A couple of mid credits scenes hint at the possibility of expanding the universe with a sequel, but it all depends on how well or poorly this film does. Despite most of the reviews I’ve read, and though there are definitely things I would have liked to have seen done better, I really enjoyed the film for what it was. And I’d quite like to see it further explored, should the possibility of a sequel be a reality.

A Simple Favor (2018)

Directed by Paul Feig (Bridesmaids, The Heat) and starring Blake Lively and Anna Kendrick, A Simple Favor is a difficult film to categorise. I’ve heard it called a thriller, a domestic comedy, and even ‘Cute Noir’ (yeah, I don’t know what that is either). I suppose it has elements of each, but to be honest I’m still not really sure where to put it.

Anna Kendrick is Stephanie, an eager to please young widow who spends her time raising a son, filming vlogs from her kitchen, and being well intentioned, if generally a little too over the top. Mocked by a trio of other parents, in something akin to an adult version of Mean Girls, Stephanie is a little bit of a loner – albeit a very chirpy one. Blake Lively is Emily, and the antithesis of Stephanie; elegant, aloof, enigmatic and completely unperturbed about the opinions of others. She swears carelessly, has a nude portrait of herself hanging in her home, and drinks martinis in the afternoon. Despite their obvious differences, the two women come together as a result of their sons’ friendship, and strike up a friendship of their own. Mere weeks after their first encounter, Emily suddenly, unexpectedly disappears. And here begins a series of twists and turns that drive the rest of the film.

Stephanie, a self proclaimed problem solver, decides to delve into the mystery of Emily’s disappearance, whilst smoothly integrating herself into the life of the family Emily leaves behind. Her husband Sean (Henry Golding) can shed little light on the enigma that is his wife, admitting that she is an intensely private person, even with him. Cliches abound as the movie drives towards the middle, and with them comes a cringeworthy predictability that you could put money on. Though to it’s credit, there are a few key scenes and revelations that help to alleviate an otherwise unsurprising tale. As the movie progresses and the aforementioned twists begin to come into play, it becomes clear that despite their shiny Stepford exteriors, neither woman is entirely who she appears to be.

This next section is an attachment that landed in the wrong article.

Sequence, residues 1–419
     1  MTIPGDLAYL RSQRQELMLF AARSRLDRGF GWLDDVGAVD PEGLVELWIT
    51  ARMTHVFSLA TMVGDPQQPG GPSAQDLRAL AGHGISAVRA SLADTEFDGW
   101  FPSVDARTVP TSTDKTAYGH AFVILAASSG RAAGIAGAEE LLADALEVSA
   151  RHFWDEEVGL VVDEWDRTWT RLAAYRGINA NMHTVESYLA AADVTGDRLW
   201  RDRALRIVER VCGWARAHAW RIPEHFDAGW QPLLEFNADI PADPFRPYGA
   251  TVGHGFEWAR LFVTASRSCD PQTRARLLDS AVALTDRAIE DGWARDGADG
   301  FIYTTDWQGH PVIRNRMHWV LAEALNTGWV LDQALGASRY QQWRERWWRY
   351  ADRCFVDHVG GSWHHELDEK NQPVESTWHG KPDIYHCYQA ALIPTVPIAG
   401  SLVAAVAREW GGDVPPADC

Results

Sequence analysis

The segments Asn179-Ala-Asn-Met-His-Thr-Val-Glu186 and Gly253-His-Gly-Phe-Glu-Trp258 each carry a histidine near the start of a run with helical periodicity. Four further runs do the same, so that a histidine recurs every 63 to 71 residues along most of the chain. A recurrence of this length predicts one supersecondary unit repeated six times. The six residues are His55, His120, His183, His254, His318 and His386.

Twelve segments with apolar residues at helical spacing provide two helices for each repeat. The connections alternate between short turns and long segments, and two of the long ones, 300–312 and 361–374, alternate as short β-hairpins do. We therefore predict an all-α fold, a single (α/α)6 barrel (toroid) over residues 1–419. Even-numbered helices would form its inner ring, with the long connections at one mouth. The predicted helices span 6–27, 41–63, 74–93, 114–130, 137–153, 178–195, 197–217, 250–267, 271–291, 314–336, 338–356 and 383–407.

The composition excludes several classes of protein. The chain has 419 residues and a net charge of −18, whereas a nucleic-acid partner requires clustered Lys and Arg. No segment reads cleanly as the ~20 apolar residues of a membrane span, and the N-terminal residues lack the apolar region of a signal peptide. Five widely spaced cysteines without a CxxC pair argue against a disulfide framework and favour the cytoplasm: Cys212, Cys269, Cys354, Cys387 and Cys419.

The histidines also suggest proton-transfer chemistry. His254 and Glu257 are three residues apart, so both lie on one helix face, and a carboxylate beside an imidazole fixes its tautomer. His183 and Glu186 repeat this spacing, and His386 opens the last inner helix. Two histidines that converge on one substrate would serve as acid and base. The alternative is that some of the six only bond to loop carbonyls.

There is enough intrigue in the beginning to propel the film forward, but at a certain point it begins to drag out to a contrived, almost laughable conclusion. The humour is at odds with the somewhat darker subject matter, which works in some places (watch for the scene where Emily makes a candid, off the cuff remark about her labia) yet falls flat in others.

A Simple Favor, much like it’s central characters, can’t be taken at face value. There is more to it than the trailer suggests, and it’s doesn’t cleanly fit into any genre. It had the potential to be a really great film. The premise was good, the two talented female leads have obvious chemistry and play their respective characters incredibly well, and some of the costumes were to die for. Let’s be real, if I looked as good as Blake Lively in a suit, I’d wear them all the time. Yet Feig’s attempt to combine his typical direction and stylistic humour, and play it off against the ‘femme fatale’ character that dominates more elegant thrillers like Gillian Flynn’s Gone Girl, doesn’t blend especially well. Whilst the film itself wasn’t bad, there were definitely aspects that could have been more finely tuned to create a more satisfying cinema experience. Nevertheless, if ever there was such a thing as a light hearted thriller, A Simple Favor is it.